A little less than one year ago, our world was turned upside down by a silent enemy that entered into our lives and threatened to take away everything we hold dear. We were advised to self-quarantine, shelter in place, social distance and worst of all…not gather to sing together, informed that this was one of the most dangerous actions that could spread this deadly virus. The uncertain times brought an unsettling amount of fear and anxiety unlike most of us had ever experienced.
Our bodies and minds have endured months of chronic stress that have left our nervous systems on high alert. Although we know that it will eventually come to an end, the uncertainty continues to disrupt our neurology leaving us with what we psychologists call “moral distress”; meaning, that we have competing values within ourselves trying to balance our safety, safety of others, self-care, staying calm, coping with sadness, managing loss, feeling comforted, all while being on heightened alert 24/7. It is mentally and physically exhausting.
Most of us are struggling with loss on an unparalleled degree of mass bereavement. Instead of being able to come together to process and heal, we’ve had to stay safely isolated on the other side of a computer screen. Even with loosening restrictions, we are unable to sing together on the risers and feel the comforting healing vibrations of song and energy; a sensation that is difficult to describe, but once you feel it, you know it and you never forget it.
We’ve tried various things to try and replicate these harmonious vibrations through Zoom meetings, FaceTime Calls and other Virtual Chorus projects. And although they quell the longing momentarily, it leaves us yearning for the days where we can physically connect our energies and voices in an explosion of goosebumps, chills, and all the feels that make this hobby our passion.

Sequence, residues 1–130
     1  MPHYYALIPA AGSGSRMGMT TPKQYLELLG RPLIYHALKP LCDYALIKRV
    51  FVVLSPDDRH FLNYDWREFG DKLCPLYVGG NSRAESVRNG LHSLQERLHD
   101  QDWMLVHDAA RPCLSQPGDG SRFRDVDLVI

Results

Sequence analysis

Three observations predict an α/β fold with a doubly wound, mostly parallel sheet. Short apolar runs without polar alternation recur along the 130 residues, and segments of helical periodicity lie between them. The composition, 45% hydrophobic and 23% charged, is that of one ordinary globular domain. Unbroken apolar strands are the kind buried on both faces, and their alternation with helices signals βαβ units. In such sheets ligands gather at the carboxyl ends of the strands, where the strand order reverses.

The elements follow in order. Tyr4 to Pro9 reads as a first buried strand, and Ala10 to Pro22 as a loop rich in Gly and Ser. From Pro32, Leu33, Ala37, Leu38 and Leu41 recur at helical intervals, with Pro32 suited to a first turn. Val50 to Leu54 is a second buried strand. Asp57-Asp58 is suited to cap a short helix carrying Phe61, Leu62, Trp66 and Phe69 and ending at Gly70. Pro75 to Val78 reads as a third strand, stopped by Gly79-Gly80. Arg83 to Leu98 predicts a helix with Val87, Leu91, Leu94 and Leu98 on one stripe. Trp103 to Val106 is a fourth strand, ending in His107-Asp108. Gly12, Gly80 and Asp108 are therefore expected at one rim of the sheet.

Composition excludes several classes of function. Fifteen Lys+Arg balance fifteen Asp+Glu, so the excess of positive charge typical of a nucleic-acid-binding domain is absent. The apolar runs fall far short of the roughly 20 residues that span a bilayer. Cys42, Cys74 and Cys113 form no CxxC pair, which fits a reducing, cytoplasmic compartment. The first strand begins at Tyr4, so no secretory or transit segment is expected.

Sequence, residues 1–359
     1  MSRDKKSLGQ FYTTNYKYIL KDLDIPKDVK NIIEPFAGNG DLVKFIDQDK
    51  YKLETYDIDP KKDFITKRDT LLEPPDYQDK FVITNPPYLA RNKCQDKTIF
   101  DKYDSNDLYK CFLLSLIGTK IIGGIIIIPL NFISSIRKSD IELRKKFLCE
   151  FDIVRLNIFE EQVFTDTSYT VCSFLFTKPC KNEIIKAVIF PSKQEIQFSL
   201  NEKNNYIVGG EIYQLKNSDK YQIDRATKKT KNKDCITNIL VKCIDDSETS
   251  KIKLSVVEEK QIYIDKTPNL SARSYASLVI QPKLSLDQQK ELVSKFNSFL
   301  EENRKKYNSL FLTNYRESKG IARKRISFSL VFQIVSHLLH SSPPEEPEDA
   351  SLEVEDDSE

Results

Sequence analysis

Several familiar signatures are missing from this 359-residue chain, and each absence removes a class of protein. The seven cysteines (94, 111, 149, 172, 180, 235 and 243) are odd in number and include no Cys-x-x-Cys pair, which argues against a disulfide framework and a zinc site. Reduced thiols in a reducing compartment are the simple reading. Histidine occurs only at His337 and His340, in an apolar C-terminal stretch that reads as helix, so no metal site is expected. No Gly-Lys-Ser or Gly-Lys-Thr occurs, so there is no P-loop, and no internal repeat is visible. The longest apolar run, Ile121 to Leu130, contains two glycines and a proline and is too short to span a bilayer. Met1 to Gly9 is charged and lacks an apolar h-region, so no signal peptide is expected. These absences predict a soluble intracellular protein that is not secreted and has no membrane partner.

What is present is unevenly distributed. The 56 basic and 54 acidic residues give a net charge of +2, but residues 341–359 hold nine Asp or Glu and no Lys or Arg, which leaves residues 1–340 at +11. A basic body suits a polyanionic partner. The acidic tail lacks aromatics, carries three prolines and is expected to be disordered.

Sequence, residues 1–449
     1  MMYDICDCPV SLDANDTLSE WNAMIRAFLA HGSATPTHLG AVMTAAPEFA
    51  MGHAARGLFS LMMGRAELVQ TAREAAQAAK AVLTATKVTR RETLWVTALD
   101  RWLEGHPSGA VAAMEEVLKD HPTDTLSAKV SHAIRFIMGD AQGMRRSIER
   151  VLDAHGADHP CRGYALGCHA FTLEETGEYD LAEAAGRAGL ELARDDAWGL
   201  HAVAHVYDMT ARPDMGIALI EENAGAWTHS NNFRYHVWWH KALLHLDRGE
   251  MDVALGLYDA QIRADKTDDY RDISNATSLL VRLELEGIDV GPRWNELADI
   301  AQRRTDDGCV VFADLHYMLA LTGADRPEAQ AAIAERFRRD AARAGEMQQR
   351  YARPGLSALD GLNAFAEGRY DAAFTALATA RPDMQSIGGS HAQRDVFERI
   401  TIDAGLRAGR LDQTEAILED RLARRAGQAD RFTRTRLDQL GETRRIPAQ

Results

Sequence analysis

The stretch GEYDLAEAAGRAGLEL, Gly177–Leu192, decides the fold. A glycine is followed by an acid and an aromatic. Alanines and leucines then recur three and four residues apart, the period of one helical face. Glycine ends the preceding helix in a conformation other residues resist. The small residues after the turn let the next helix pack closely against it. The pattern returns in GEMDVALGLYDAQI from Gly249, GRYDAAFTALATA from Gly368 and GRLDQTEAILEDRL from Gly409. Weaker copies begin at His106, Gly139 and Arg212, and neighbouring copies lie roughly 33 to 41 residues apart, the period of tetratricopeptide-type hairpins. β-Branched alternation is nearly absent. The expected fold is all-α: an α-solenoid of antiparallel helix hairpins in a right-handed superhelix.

Strategies to regain equilibrium vary from person-to-person, but understanding what works for you could help provide some relief. Safely talking with friends and family help us to not feel so alone. Movement or exercise is a common intervention that helps calm the nervous system. Combining movement with music and singing helps signal the brain to kick in dopamine that helps soothe or increase the sense of wellness. Truth, music is great medicine.
An often forgotten, but easiest way to rewire the brain is practicing gratitude and kindness. It seems so simple, but when we are bombarded with negative input and uncertainty from so many different directions…especially long-term, our brains will lean toward doom and gloom rather than positivity and light. Just by being human, we are designed to be on guard for danger and prepare for problems in order to maintain our survival. Therefore, positivity does take practice. Starting each morning with one thing you are thankful for and expressing one kind thought or gesture can rewire your cognitive system to lean toward a better sense of well-being.
No matter how turbulent the storm, the sun will shine again. This time has been an incredible time of reflection on what is important and what really matters in life. Kindness, caring, empathy, connection, love, hope, joy are just some of the elements that fill our souls and make us uniquely human. So, until we are able to safely gather together, always remember…We are connected. We are resilient. We are Harmony, Stronger…now more than ever before.
Submitted by Taralee Lashway
President of Northern Blend